The Five-Paragraph Essay

The Five-Paragraph Essay
The five-paragraph essay is used in all areas of academia and throughout the business world as well. In addition to improving your skills in written communication, the five-paragraph essay also helps to develop a system of organized thought. This system not only assists in scoring well on academic tests, but also is an asset throughout an individual's lifetime.

The five-paragraph essay is also called the "classic" essay and as such has a traditional structure. Although like other essays, the five-paragraph essay contains a title, introduction, body and conclusion, each paragraph also ends and/or begins with a transition that links one paragraph to the next.
The Introduction: The first paragraph introduces your thesis/topic to your readers and directs them to the points you'll develop in the body of your essay. Carefully craft your first sentence to capture your reader's attention. Introduce your thesis and, in sequence, list your three supporting points. Like all parts of a five-paragraph essay, the sequence of supporting points follows a particular format.

The Body: Each of the three paragraphs of the body of a five-paragraph essay is devoted to examining one of the three points that support your thesis. In addition, the paragraph that supports each of your points has a specific position within the body.

In writing the body, begin each paragraph with a restatement of the supporting point and follow it with your evidence. Make sure your evidence is detailed and specific to the point it supports. Although each supporting point needs at least three pieces of evidentiary information to support it, use as much evidence as is necessary to make your viewpoint clear to your reader.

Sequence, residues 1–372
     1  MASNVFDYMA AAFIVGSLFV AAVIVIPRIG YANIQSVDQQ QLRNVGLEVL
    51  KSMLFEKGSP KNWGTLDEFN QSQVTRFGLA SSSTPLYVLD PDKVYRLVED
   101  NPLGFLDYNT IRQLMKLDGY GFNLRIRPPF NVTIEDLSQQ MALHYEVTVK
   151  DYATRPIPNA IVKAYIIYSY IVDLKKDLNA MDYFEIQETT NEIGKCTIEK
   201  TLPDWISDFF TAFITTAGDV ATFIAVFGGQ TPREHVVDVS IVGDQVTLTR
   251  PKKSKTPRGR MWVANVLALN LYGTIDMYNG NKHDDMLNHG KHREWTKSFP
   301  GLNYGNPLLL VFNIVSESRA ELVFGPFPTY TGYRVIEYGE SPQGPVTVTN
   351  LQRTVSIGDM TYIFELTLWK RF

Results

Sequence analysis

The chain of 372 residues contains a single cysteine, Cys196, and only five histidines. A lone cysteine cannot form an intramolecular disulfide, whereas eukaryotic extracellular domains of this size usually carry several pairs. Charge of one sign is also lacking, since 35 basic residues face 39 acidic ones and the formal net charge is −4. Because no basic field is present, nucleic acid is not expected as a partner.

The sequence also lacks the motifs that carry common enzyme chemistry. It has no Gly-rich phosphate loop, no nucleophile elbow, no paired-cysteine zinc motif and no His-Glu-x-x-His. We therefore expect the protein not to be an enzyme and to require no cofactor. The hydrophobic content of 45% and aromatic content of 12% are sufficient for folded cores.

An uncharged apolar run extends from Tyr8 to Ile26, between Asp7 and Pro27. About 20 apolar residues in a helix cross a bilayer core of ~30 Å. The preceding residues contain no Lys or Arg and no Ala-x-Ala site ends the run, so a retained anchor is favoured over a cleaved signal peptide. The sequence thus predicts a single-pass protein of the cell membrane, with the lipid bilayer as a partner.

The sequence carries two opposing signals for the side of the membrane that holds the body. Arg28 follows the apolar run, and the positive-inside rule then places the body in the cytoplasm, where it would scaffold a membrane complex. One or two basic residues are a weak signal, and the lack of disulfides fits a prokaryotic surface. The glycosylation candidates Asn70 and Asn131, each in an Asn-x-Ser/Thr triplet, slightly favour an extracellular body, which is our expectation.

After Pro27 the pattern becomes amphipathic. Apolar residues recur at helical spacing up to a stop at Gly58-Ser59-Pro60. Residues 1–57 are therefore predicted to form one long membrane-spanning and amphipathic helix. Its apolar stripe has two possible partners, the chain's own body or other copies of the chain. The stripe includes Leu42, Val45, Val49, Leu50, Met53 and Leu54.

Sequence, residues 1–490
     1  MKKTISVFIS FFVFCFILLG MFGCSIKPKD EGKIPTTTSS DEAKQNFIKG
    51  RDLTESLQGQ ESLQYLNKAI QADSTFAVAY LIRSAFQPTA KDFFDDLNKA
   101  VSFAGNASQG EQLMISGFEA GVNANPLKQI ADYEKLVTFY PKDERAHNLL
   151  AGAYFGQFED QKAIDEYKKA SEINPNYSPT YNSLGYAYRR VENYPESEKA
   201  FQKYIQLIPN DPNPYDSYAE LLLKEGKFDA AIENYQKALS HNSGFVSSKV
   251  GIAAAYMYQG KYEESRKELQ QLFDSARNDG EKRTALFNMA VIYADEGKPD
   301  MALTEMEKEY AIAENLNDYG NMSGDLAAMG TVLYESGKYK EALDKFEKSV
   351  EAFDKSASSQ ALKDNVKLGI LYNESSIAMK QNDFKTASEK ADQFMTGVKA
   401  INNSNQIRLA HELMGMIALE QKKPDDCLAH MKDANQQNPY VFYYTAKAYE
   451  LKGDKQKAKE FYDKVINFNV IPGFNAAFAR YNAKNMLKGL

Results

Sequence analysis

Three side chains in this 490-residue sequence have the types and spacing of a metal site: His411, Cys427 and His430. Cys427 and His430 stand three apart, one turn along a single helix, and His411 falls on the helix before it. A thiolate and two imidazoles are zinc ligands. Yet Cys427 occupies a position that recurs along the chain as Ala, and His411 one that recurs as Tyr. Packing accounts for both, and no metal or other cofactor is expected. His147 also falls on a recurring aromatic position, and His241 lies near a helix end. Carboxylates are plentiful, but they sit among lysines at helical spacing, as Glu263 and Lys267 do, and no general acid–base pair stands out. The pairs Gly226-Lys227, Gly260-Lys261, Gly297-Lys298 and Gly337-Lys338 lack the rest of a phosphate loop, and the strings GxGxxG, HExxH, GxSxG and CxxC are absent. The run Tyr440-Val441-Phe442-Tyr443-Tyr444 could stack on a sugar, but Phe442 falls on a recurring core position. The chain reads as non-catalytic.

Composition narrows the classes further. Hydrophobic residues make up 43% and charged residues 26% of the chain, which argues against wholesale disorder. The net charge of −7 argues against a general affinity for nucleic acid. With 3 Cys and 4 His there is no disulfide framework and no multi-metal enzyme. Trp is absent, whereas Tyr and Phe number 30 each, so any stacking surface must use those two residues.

The body of your five-paragraph essay is the "meat" of your essay. The first bite needs to be very tasty!

Body Paragraph #1: Begin your first paragraph with a "reverse hook", a transition that alludes to your thesis as a whole. As in paragraph numbers two and three of the body, be sure to restate your point in the first or second sentence. Follow the restatement of your supporting point with your best evidence, your strongest point and/or most interesting example. End the first paragraph with a transitional word, phrase, or statement that progresses to your second paragraph.
Body Paragraph #2: Connect your bridge at both ends. Begin the second paragraph with a transition that alludes to the information in the body paragraph #1. State your second point in the first or second sentence of this paragraph. The supporting point and evidence presented in the second paragraph is the second most important evidence that supports your overall thesis. Conclude the second paragraph with a transition to the third.

Body Paragraph #3: The final paragraph of your essay body contains your weakest argument and evidence. Strengthen this paragraph by again beginning it with a transition that connects it to body paragraph #2 and your thesis as a whole. Use a transition at the end of this paragraph to connect the three points of the body in leading to the conclusion of your essay.

The Conclusion: Your essay conclusion is the fifth and final paragraph of your essay. Use it to strongly restate your thesis, now backing it up with your three supporting points (again in sequence) and important evidence your essay brought to light. In writing your conclusion, try to grasp the feelings you have evoked in your reader and end your essay by using those feelings to add the final "sway" to your argument.
In retrospect, this final part of your essay should restate both your thesis and the points that support it in a way that unmistakably shows the reader how your reached the conclusions you've drawn.

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